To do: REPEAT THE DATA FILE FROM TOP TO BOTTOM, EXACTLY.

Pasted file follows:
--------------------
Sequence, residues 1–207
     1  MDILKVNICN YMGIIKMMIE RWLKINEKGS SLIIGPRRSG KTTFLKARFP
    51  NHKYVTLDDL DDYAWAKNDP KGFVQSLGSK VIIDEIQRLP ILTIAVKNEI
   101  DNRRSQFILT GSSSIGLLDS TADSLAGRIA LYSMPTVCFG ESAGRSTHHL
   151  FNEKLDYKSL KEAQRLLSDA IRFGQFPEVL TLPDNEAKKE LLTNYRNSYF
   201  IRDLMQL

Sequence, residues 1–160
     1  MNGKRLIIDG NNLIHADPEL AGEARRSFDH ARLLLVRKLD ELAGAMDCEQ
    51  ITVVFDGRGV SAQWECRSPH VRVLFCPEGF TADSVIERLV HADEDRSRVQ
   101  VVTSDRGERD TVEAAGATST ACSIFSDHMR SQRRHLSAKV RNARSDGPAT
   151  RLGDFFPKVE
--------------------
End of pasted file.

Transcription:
Sequence, residues 1–207
     1  MDILKVNICN YMGIIKMMIE RWLKINEKGS SLIIGPRRSG KTTFLKARFP
    51  NHKYVTLDDL DDYAWAKNDP KGFVQSLGSK VIIDEIQRLP ILTIAVKNEI
   101  DNRRSQFILT GSSSIGLLDS TADSLAGRIA LYSMPTVCFG ESAGRSTHHL
   151  FNEKLDYKSL KEAQRLLSDA IRFGQFPEVL TLPDNEAKKE LLTNYRNSYF
   201  IRDLMQL

Sequence, residues 1–160
     1  MNGKRLIIDG NNLIHADPEL AGEARRSFDH ARLLLVRKLD ELAGAMDCEQ
    51  ITVVFDGRGV SAQWECRSPH VRVLFCPEGF TADSVIERLV HADEDRSRVQ
   101  VVTSDRGERD TVEAAGATST ACSIFSDHMR SQRRHLSAKV RNARSDGPAT
   151  RLGDFFPKVE